The English musician/composer/producer Brian Eno once said, “Stop thinking about artworks as objects and start thinking about them as triggers for experiences”. Patterson Associates has applied this notion to architecture, creating an uplifting and heavenly experience in its design for a centre for visitors of the Christchurch Botanic Gardens.
Sited in Hagley Park, this new building reminds me of a contemporary version of those Victorian farm homesteads dotted about New Zealand’s rural landscapes. It sits glistening, white and elegant, surrounded by a pretty garden with a large lawn out the front in which children can run around and play. But, inside, the spaces are light and ethereal, and again, all in white. A leafy glade pattern in the pre-cast concrete of the ceilings and walls creates a dappled light effect throughout the building. It’s delightful and offers up a strong contrast to the ruins of this earthquake-tattered city.
In 2009, Pattersons won an architectural competition, run by Christchurch City Council, to design the centre. Pattersons was the only short-listed scheme to move the designated site, which was scheduled to be located 100m along the Avon River on the other side of the lawn. Pattersons’ concept was to fill up some dead space at the back boundary with Christ’s College, butting the building up against its boundary and, thus, freeing up the land in the front to create a large gathering space facing north-west. One beautifully sunny Sunday, I visited the centre to discover brass bands playing jazz and hundreds of people picnicking on the lawn. Sue Molloy, who coordinates botanical resources for the gardens, said it is “amazing for the people of Christchurch to have a new cultural centre”.
Patterson Associates’ design was ready to go before the 2010/’11 earthquakes and it was the only capital project to stay alive afterwards. I’m told it was lucky that Christchurch City Council gave it the go-ahead before “everything was screwed down” in the city after the ’quakes.
The Visitor Centre building is an economical build, as public structures go; essentially, it’s a fully automated Dutch industrial greenhouse, which has been modified, with its superstructure upgraded for public usage and to meet the seismic code. The design is a post-and-beam construction with repeating gables and, while the form is simple, it contains a complicated programme of activities. The rationale for the building was to consolidate various operations that were outmoded or inadequate, such as staff quarters built in the 1950s, which still had separate men’s and women’s lunchrooms. The library was situated in yet another building and the old nurseries, essentially modified aeroplane hangers, needed to be pulled down. The Council needed one lump-sum funding package to make it work and, hence, we have a truly multifunctional space that includes: a café, a shop, exhibition rooms, working nurseries, a library, office areas, staff facilities and a vehicle store and workshop. Importantly, the building has brought all of the herbarium collection – dried specimens of physical families of plants – together under one roof. It would be wonderful to have these specimens on display as they contain interesting stories, which would be of public interest.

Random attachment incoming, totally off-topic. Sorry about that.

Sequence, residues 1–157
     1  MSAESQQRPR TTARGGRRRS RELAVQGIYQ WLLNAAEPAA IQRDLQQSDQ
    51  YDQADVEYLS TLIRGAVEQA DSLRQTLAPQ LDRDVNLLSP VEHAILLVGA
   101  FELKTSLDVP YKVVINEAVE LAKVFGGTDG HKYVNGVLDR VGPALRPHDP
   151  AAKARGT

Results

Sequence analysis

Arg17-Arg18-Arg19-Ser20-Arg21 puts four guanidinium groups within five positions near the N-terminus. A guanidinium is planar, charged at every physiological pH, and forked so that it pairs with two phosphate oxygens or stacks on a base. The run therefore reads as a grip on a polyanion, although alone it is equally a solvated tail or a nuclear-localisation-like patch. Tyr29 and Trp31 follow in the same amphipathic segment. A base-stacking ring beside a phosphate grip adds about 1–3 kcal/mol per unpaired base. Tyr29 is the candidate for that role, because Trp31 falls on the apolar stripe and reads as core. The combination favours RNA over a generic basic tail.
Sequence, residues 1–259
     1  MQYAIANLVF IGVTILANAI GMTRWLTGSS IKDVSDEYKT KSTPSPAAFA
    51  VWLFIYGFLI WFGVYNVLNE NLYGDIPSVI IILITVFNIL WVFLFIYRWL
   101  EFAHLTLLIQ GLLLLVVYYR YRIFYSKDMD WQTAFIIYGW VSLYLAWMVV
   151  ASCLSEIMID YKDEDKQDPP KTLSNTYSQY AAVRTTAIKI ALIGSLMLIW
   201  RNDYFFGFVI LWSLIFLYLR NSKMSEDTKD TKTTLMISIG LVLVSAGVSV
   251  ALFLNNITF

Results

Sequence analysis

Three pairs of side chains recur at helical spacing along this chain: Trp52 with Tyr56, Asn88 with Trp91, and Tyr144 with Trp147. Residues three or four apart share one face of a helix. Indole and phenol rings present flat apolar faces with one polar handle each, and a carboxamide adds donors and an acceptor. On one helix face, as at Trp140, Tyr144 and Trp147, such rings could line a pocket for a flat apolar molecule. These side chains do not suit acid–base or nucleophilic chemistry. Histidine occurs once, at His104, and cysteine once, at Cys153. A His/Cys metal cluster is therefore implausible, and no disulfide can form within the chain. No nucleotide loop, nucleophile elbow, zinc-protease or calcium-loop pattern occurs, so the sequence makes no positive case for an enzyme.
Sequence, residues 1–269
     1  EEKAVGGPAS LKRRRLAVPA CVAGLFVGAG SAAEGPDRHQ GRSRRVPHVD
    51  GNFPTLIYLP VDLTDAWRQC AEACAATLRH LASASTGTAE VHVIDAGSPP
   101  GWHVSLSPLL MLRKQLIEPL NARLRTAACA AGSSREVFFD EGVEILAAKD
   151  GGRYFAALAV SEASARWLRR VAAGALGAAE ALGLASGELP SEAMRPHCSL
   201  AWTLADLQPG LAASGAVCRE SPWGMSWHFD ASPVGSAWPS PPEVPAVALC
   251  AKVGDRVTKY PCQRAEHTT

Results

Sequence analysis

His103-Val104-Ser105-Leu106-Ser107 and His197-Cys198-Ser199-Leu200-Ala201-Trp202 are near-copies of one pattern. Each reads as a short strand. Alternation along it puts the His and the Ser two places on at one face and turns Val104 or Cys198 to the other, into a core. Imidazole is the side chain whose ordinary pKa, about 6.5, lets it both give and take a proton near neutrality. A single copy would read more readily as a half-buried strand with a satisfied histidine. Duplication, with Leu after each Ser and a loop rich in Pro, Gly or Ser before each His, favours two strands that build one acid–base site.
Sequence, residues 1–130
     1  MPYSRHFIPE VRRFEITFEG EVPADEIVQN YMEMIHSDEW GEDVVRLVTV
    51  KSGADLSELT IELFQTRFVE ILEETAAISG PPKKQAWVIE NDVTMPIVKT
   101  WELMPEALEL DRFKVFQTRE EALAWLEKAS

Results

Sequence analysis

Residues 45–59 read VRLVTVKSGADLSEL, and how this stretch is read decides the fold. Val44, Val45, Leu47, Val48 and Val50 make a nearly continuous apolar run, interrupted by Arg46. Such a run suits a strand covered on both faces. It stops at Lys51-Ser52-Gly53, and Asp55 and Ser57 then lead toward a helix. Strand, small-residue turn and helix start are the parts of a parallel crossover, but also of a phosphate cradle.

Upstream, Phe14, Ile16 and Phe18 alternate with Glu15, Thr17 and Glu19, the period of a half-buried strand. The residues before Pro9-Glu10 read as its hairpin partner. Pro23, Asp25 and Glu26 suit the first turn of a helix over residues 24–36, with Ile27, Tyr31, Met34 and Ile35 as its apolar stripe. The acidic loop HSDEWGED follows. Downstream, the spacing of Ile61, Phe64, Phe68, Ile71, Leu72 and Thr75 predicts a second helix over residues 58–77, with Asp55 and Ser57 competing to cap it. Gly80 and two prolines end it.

The working nurseries enable the Council to grow plants to assist with regreening the new city. These are split up and modified for a variety of seasonal environments, with solar shading helping to maintain temperatures and exposure to light throughout the day. The automated shading of the glazing creates an interesting effect between being permeable or impermeable and being transparent enough for visitors to be able to view the plants or not. It prevents 69 per cent of solar gain and creates an ethereal, veiled effect. A tiny, white frit on the industrial, iron-free glazing, similar to what you find on the corners of car windscreens, is another contemporary shading solution that replicates the way glasshouses, traditionally, have been painted with whitewash, which is peeled off in winter and painted again in the spring.
Hagley Park is one half of a colonial settlement of 1,000 hectares which was formed in 1863: split up between the city and public use. It is one of the oldest public gardens in New Zealand; it turned 150 years in 2013. The collection of botanical specimens started during the 1860s, when the Canterbury Acclimatisation Society began to import plants, which were then fed into the gardens. A conservation plan was created in 2013 but planning of the gardens over the years has been pretty loose and the planting really tells the story of the talented gardeners who have designed it over that time.
Surprisingly, the eight working glasshouses in the gardens remained largely intact after the ’quakes and Cunningham House, which faces the Visitor Centre, didn’t lose even one pane of glass. The new building has a direct relationship to this elegant Joseph Paxton-inspired structure, built in 1923 and, now, it even shares a biodesiel boiler, with pipework from the centre fed under the front lawn and into the glasshouse.
Around the new centre, a slough helps with drainage and stormwater is processed through a reed bed and sent into the river. Clearly, this new building’s positive vibes are being felt already among the people of Christchurch, who must see this building as a fairy-tale palace within a troubled land: this city needs more knights in shining armour.